By Luca Ventura
When AG Lafley handpicked Robert McDonald as his successor to the top post at Procter & Gamble in 2009, he could not have predicted that just four years later he would be called out of retirement to take it back.
Call of duty: Lafley is back in the top seat at Procter
“Duty called, and I agreed on the spot,” Lafley commented in the press. McDonald’s run as CEO of the world’s largest consumer products company had been rough from the start, with analysts and shareholders complaining about his less-than-effective global marketing strategy and the poor stock performance. The company reported its latest lackluster results in April, and McDonald was out of the job less than a month later.
Lafley’s comeback is not the only recent instance of the next-big-thing proving to be the tried-and-true. Over the past few months, JC Penney fired CEO Ron Johnson and replaced him with his predecessor Myron Ullman, and Infosys brought back its co-founder and first chairman, Narayana Murthy.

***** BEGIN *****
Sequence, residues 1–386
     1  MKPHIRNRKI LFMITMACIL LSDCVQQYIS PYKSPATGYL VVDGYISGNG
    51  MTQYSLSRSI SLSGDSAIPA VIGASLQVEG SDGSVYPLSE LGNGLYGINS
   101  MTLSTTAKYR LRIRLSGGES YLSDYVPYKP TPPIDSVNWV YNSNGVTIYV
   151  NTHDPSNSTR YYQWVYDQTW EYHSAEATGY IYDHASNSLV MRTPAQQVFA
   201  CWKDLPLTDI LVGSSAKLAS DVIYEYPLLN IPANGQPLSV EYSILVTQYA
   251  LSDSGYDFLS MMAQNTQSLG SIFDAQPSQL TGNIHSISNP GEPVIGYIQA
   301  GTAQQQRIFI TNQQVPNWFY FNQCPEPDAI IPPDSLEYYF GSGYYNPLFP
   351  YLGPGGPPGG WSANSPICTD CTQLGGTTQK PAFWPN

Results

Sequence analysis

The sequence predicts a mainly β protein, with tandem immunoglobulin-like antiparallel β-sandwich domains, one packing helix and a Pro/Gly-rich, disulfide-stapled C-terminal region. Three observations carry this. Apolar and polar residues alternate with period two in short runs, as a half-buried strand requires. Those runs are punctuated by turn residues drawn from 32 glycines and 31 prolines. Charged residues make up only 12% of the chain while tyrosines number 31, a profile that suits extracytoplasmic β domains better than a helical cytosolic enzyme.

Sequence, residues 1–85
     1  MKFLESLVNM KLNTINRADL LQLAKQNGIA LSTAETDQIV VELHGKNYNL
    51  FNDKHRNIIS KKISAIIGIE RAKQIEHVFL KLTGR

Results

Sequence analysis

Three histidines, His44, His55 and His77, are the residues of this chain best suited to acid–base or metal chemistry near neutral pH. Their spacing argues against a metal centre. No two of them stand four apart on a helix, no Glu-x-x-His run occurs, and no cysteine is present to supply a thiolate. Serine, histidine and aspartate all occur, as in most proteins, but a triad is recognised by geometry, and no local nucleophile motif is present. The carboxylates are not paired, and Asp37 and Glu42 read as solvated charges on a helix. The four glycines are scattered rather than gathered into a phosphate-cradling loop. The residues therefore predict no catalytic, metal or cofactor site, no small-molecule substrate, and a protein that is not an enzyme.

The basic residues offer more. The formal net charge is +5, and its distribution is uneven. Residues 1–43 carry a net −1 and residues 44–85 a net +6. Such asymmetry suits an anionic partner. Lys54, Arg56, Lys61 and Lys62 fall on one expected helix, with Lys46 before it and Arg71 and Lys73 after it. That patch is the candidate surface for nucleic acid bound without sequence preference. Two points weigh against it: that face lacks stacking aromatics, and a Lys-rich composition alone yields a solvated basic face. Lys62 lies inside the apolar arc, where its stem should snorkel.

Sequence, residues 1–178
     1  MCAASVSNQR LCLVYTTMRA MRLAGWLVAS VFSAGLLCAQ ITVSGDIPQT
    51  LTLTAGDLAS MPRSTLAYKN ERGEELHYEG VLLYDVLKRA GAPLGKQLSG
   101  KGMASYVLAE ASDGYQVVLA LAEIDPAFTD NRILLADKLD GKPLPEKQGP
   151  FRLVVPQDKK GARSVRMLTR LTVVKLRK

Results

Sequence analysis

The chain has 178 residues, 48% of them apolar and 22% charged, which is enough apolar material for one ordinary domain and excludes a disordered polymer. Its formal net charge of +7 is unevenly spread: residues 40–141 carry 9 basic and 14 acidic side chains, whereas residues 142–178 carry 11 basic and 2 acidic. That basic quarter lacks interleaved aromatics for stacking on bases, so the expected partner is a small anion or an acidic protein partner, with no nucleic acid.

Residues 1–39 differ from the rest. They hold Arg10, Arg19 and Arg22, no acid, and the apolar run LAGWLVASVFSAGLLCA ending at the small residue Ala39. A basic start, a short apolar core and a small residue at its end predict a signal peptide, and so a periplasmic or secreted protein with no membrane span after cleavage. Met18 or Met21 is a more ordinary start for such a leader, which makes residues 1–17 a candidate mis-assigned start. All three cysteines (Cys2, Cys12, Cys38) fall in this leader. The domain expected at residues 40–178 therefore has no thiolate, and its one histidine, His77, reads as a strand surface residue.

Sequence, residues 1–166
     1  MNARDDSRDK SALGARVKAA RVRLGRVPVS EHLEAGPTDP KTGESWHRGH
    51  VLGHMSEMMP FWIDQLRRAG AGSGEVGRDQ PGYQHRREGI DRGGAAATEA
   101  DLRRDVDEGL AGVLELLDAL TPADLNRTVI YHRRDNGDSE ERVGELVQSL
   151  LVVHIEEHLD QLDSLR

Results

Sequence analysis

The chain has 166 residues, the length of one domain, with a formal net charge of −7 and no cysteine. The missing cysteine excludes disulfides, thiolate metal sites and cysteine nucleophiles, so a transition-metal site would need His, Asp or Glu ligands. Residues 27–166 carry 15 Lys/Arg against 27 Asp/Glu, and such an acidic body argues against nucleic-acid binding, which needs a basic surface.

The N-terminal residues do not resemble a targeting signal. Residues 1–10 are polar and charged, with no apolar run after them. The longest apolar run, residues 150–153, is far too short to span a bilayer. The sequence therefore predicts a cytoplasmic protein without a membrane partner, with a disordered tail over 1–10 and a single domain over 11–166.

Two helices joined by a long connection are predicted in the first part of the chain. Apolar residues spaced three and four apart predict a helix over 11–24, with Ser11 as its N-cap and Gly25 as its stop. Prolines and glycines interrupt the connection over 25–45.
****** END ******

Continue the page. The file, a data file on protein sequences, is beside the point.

Under Lafley, who is expected to stay for only a few years, P&G made crucial inroads into the emerging markets and boosted sales of higher-margin beauty and grooming products alongside household brands—such as Pampers, Crest and Tide.
However, although rehiring the old management has proved successful in some notable cases, Lafley will face a scenario far more challenging than the one he left, with more frugal customers and tougher competition from Unilever, Colgate-Palmolive and L’Oreal.
“The consumer and economic environments where Lafley’s P&G operated have changed,” says Javier Escalante, global household and personal care analyst at Consumer Edge Research. “On the one hand, the US has bifurcated into large-value and premium niches, where many of P&G’s brands don’t fit as effectively. On the other, the volatility and speed at which the consumer environments in emerging markets now change are making less competitive a centralized organization [such] as P&G.” However, Escalante sees Lafley’s return as a positive: “By more effectively prioritizing the company’s investment ideas, he could prove to be the morale booster that the company needs.” So far, the markets appear to agree.